Other families eat three meals a day. In mine, my mother often treated us to a fourth meal: second dinner at midnight.
The occasion combined the comfort of home cooking with the casual and transitory pleasure of a late-night snack. I’m not sure what a normal family dinner ought to be, but dinners at the Tsai residence tended to be slightly serious affairs that required us kids to be guai, to sit properly at a table with my father at the head, and my mother to nudge us to eat just one more bite. But the late evening chow sessions were something entirely different; they were all about fun – the equivalent of jumping up and down on the bed.
It didn’t matter whether I was parked in front of the TV watching sit-com reruns, bent over a table doing homework, or playing (or fighting) with one of my siblings. Out came my mother with a steaming bowl of soup noodles – or fish ball soup or fried rice – and each of us suddenly felt a bit more special. If the day had been a difficult one, the world now seemed a warmer place.
Beef noodle soups were often the vehicle of motherly love on these nights. I don’t know how she did it – perhaps she went back in time to braise beef and make soup stock, or perhaps she was simply a genius when it came to re-inventing leftovers in the kitchen of our cramped Bronx, New York apartment. Either way, my mother turned out the best Taiwanese-style gu ba mi, dark red soups that were spicy and a bit sweet, with juicy chunks of marbled beef, sliced tripe and tendon, and generous sprinklings of silky cilantro on top.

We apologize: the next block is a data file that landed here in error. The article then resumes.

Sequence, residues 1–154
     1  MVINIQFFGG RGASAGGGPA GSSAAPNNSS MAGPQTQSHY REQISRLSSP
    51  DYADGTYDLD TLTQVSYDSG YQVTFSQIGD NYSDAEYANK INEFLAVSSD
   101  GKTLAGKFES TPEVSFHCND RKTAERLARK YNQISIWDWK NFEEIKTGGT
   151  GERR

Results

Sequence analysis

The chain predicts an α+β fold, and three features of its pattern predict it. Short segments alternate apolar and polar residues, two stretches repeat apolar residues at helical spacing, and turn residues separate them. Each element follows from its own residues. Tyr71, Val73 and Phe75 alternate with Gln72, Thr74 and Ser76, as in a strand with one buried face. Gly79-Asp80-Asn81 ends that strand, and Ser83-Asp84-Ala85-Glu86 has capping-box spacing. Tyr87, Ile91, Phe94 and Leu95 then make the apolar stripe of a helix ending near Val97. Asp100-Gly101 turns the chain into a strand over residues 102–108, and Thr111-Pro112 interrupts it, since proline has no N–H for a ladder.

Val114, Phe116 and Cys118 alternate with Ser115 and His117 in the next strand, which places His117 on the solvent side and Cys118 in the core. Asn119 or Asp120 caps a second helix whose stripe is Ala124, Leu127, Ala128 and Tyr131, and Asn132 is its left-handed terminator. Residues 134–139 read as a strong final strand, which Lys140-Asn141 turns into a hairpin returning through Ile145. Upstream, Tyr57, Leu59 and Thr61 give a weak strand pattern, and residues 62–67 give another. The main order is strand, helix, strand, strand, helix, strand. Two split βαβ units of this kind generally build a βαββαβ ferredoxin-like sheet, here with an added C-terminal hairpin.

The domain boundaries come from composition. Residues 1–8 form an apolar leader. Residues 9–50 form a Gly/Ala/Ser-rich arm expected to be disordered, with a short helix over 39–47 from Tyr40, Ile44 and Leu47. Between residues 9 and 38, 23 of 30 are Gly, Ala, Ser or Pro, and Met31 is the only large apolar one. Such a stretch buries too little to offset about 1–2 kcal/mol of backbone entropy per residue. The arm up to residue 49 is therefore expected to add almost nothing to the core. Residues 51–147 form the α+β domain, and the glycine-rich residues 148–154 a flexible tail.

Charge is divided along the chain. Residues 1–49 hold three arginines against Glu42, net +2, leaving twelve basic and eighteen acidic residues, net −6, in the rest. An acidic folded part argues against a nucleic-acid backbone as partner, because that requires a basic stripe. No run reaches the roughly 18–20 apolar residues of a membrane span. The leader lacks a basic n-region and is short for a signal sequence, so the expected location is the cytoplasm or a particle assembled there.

I see now that cooking the late-night beef noodle soups must have comforted my mother as much as eating them made the rest of the family happy. Living in a foreign land, she had no choice but to recreate the foods of home herself. Back in Kaohsiung, Taiwan, my family had a favorite restaurant, a crowded establishment that was no more than a glorified stall but was famous for its beef noodle soup. As a child, I loved the outings to this place so much that the memory of my anticipation has eclipsed the taste of the actual food. What’s stayed with me through the years has been the car ride into the countryside and a walk down a long, rocky trail, near the end of which drifted toward me the scent of something spicy and warm – a fragrance that would always remind me of home.
As Spring Festival and China’s official feasting season begin, you may too find pleasure in meals that will endure as memory.